The National Programme for IT in the NHS: an update on the delivery of detailed care records systems - Public Accounts Committee Contents

Written evidence from XML Solutions

I am from a small company which specialises in advising on large scale and government Healthcare ICT projects. I worked on the National Programme for IT for seven years working for the final two years as the Chief Architect on the NHS Spine. I learnt a tremendous amount about the challenges—technical and commercial—of modern Healthcare IT and large government projects. Further to speaking with a clerk of the committee, Phillip Aylett, I have agreed to make a short note on a few of the challenges that were faced by the National Programme which have perhaps not been so widely understood in the investigations to date. There are many subtle problems which helped escalate the costs of the NHS National Programme for IT. Some have been addressed in the NAO report. Many other factors are perhaps only evident to those on the "front line" of delivery and in what follows I attempt to explain just a couple of these. I hope it will be of interest to the committee.

The first of the phenomena I want to discuss goes some way to explaining the spiralling costs and inefficiencies of many large government projects. The government has already recognised that there are inefficiencies in these projects and sensibly proposes to cap the size of projects in future. However, this note elaborates one of the many subtle reasons why costs spiral.

Every large programme inevitably has to allow for elements of change. Whenever a new deliverable is negotiated, the government reasonably wants to limit the potential profit a private organisation can make on that change. In order to do this they specify a fixed profit margin (somewhere between five and fifteen percent depending on the type of change) on each change. Although on the face of it this approach seems sensible it actually encourages inefficiency in the system. When the government requests a change the supplier must estimate the cost of the change. To do this they will in turn talk to their sub-contractors. However, because there is a fixed percentage that the supplier can make there is no incentive for them to encourage their sub-contractors to make the additions in the most efficient way possibly. In fact, perversely there is a subconscious incentive for the main supplier to encourage its subcontractors to be expensive because 15% of five million is obviously a lot more profit than 15% of one million. I should emphasise that in no cases do suppliers consciously overestimate the cost of change. However, I have observed on many occasions the collective unconscious of an organisation going through this process and then watched the additional waste of effort as the department of Health (or CFH) spend weeks arguing about the estimate.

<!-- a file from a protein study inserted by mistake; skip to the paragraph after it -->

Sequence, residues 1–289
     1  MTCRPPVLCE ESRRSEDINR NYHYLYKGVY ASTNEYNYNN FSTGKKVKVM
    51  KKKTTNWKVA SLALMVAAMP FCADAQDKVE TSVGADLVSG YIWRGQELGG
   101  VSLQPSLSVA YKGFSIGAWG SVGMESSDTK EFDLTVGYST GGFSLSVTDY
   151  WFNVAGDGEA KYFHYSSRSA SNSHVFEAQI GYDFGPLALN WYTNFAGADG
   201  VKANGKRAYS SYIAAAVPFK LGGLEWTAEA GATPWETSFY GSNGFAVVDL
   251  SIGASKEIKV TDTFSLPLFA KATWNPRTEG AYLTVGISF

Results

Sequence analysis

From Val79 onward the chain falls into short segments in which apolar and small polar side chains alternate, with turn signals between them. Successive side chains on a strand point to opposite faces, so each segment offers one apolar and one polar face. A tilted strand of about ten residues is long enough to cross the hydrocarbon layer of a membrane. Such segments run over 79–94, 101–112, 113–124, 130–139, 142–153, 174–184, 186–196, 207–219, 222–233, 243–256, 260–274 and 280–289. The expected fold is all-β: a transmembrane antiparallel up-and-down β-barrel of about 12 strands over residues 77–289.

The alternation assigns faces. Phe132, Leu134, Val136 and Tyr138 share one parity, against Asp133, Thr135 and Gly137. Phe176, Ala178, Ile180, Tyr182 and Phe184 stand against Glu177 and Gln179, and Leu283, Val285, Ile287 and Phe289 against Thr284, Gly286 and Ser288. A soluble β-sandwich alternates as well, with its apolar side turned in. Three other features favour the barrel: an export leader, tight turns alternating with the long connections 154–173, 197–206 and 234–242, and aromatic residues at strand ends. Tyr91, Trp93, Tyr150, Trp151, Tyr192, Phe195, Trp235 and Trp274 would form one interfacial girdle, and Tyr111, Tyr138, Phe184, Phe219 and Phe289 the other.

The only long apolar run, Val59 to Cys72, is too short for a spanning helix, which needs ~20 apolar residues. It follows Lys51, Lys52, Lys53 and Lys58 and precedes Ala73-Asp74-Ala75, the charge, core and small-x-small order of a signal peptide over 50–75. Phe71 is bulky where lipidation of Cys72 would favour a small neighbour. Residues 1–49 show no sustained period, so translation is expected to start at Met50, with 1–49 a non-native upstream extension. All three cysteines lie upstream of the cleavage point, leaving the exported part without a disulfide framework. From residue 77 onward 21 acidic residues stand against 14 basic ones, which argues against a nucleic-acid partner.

In summary, the committee should consider finding commercial structures which reasonably limit the profit a major supplier can make but which none the less still encourage creativity and efficiency in the supplier. If the committee are able to recommend commercial relationships that resolve this issue they will be providing a great service to future government projects, even those of the relatively smaller £100 million scale.

The original requirements of the NHS National Programme for IT included substantial services on the Spine which were to be used by the LSPs. However, one area of hidden losses to NHS patients is the lack of functionality that has been taken-up from the Spine. It is worth remembering that the National Programme was essentially an integration activity that relied on all parts of that system working together. For example, the PSIS (the store of the Summary Care Record) has been designed and built to support much more than the basic records that are being used today. Similarly, the Access Control Service, originally envisaged as a nationally utilised system, is now likely to be extremely underutilised. As such, many hidden losses result not from non-delivery of LSP components but from the lack of utilisation of already delivered Spine components. This is not necessarily to assume that all these services should now be fully utilised, but the fact there they have been paid for without their full value being gained by the NHS should be recorded.[1] In summary, the committee should consider quantifying these losses in terms of the lack of adoption of Spine services and the general reduced level of integration between systems.

I hope these notes have been of some use and wish to offer the committee my sincerest wishes that they are able to assess and provide useful recommendations for the future of these services.

28 June 2011

1   I note that the NAO report appears to mark Spine Services as "fully utilised". Whilst I would not want to contradict this more measured report, that assumption does not accord precisely with my understanding. Back

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Prepared 3 August 2011